Laya woke up, tummy grumbling and muscles sore from sleeping on the banig laid out on the cold cement. But she wasn't complaining. Feeling her body ache meant she was alive again. Last night had been exhausting as she followed her rescuer through uphill roads, and winding, hidden alleys before they reached the abandoned storage house. Which meant that she had used up precious hours of her temporary life sleeping.
She shuffled out of the room, still rubbing the sleep from her eyes, then stopped short. the common area she had stumbled upon was dotted with men sitting on wooden crates. At the sound of her footsteps, all those faces turned to look at her at the same time.
"You're awake!" the boy from last night called out cheerfully before turning to the others. "This is the girl I rescued from the Metrocom last night."
"Good morning, hija." A silver-haired man smiled at her and gestured to the brown bag sitting on the crate at the middle. "Breakfast?"
Laya couldn't talk—much more, move. She stood stock-still, staring at another man who sat a foot from her, regarding her quietly with eyes beneath thick-rimmed glasses. How did one behave in front of a father she had never met? With her heart pounding in her ears, with her breath difficult to catch. Her father was looking at her expectantly, an encouraging smile on his lips.
"How do we know she's clean?" The sharp tone from the lean, dark man beside the boy made Laya start, breaking the spell. "Spies are everywhere."
"'Tay," the boy said in exasperation. "I don’t think any of his spies dress like that."
Once again, all those eyes were turned on her, and Laya blushed, forgetting everything else except embarrassment over what she wore: a long-sleeved polo shirt layered with a gray vest, and a short, pleated skirt that would’ve been scandalous if it weren't for the knee-high black socks. the school administration changed the uniform only this year—its odd way of welcoming the new millennium, while the whole world panicked about computer files being wiped out by the Y2k bug. Ironically, it was an outfit Laya hadn't wanted to be literally caught dead in.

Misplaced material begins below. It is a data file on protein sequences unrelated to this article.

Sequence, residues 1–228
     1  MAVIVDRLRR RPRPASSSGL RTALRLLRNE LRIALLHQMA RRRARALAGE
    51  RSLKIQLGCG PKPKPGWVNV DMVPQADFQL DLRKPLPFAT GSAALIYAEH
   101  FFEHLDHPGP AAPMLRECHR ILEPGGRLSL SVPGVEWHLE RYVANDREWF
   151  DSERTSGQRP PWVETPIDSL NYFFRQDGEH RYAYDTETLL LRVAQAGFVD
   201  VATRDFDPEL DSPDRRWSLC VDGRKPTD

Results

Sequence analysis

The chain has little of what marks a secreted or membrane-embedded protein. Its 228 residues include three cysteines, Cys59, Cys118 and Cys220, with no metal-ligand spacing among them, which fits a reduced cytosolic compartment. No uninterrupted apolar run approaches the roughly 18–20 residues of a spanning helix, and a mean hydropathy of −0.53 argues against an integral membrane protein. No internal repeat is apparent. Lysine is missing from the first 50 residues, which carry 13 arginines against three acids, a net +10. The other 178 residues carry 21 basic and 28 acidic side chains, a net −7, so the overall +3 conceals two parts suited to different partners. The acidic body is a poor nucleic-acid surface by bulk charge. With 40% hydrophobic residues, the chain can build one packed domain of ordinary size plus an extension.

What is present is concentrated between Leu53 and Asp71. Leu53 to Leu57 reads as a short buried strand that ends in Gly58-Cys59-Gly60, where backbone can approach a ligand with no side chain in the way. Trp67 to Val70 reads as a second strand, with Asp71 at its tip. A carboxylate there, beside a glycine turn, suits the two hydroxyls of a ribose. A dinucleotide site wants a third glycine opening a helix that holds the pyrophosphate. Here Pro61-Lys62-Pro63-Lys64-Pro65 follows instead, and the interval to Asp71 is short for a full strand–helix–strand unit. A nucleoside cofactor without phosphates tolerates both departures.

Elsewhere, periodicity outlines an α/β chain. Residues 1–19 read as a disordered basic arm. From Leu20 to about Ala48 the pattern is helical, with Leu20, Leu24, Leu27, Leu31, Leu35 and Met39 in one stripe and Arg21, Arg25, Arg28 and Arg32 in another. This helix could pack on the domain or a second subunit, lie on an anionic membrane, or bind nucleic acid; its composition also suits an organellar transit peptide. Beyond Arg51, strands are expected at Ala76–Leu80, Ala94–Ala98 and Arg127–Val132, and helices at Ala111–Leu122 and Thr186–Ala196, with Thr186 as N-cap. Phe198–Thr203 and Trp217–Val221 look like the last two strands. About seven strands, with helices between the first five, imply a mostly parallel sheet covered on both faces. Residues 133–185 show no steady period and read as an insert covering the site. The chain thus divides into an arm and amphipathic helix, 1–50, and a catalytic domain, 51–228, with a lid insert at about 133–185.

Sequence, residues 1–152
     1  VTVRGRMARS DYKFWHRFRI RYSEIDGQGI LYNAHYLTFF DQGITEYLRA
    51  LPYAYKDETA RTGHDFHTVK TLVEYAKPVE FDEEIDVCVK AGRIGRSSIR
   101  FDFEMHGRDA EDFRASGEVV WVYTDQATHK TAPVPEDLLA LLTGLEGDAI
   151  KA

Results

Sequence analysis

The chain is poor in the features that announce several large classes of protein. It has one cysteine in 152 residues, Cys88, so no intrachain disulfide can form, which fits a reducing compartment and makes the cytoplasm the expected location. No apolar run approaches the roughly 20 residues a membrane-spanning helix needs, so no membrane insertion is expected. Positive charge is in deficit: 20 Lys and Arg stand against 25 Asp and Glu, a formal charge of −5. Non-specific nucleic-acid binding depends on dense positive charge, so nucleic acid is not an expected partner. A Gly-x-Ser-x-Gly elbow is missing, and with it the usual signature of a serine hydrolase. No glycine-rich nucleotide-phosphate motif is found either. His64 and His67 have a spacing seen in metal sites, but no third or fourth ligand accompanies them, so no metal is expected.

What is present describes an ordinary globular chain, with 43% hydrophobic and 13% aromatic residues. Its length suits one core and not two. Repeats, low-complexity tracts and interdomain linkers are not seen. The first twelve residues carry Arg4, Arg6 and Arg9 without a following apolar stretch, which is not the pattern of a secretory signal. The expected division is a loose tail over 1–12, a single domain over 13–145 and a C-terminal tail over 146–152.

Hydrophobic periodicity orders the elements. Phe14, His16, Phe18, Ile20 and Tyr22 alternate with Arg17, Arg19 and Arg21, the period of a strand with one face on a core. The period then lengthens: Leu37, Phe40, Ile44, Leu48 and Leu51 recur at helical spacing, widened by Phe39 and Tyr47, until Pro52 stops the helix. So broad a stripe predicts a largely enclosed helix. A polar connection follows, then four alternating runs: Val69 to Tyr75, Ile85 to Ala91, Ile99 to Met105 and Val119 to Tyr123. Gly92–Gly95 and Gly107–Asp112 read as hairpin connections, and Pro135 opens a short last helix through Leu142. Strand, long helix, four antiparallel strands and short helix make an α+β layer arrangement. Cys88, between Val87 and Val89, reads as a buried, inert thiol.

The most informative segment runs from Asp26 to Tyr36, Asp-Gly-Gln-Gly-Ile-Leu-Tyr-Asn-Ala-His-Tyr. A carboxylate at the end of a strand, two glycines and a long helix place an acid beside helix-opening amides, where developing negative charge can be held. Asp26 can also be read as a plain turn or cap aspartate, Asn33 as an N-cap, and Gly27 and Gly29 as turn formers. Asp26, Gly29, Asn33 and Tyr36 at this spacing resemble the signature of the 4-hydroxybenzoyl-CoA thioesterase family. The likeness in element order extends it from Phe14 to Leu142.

"It's our school uniform," she said defensively, causing the suspicious man's brow to furrow further.
"What school has that uniform?"
"From..." Laya stopped herself, realizing that at this time, her school hadn't existed yet. "A school from Laguna. I came to Manila to visit my cousin and got lost." She shrugged, hoping to mask the slight tremor in her voice.
"Quit the interrogation, Sonny." hTe bespectacled man tapped his hand on the crate beside him, and nodded to her. "Come and eat. What's your name?"
Is any of this even real? Laya asked herself as she sat down beside her father. It didn't matter. Even if it were all a hallucination, she'd willingly go along with it.
"Laya," she murmured, studying him beneath quivering lashes. His eyebrows shot up—thick, defined things that sloped up then angled down like inverted checkmarks. His shaggy hair parted on the side framed full cheeks that grew even rounder when he smiled.
"Laya. As in freedom?" When Laya nodded, his delight seemed to have doubled. "A beautiful, noble name."
"I'm Marc," he said before nodding to the others. "That's Sonny and his son Junjun, whom you met last night. And over there is Ka Freddie."
Then her father passed her the bag of hot pan de sal, and Laya felt its warmth seep into her fingers, into her chest.